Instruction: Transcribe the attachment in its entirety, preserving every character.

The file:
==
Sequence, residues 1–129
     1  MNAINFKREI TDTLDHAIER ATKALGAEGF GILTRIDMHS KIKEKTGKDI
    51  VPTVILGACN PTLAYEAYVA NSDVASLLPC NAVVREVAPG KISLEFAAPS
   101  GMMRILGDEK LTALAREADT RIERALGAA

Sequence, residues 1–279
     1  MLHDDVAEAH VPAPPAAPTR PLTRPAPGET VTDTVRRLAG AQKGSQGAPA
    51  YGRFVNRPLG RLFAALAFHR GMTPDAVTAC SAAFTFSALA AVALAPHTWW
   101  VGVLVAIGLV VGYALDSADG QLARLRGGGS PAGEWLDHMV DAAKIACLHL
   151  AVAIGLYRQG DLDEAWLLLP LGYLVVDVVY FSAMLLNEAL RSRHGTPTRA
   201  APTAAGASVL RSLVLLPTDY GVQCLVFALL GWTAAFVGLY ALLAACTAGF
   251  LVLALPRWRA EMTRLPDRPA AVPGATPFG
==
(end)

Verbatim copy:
Sequence, residues 1–129
     1  MNAINFKREI TDTLDHAIER ATKALGAEGF GILTRIDMHS KIKEKTGKDI
    51  VPTVILGACN PTLAYEAYVA NSDVASLLPC NAVVREVAPG KISLEFAAPS
   101  GMMRILGDEK LTALAREADT RIERALGAA

Sequence, residues 1–279
     1  MLHDDVAEAH VPAPPAAPTR PLTRPAPGET VTDTVRRLAG AQKGSQGAPA
    51  YGRFVNRPLG RLFAALAFHR GMTPDAVTAC SAAFTFSALA AVALAPHTWW
   101  VGVLVAIGLV VGYALDSADG QLARLRGGGS PAGEWLDHMV DAAKIACLHL
   151  AVAIGLYRQG DLDEAWLLLP LGYLVVDVVY FSAMLLNEAL RSRHGTPTRA
   201  APTAAGASVL RSLVLLPTDY GVQCLVFALL GWTAAFVGLY ALLAACTAGF
   251  LVLALPRWRA EMTRLPDRPA AVPGATPFG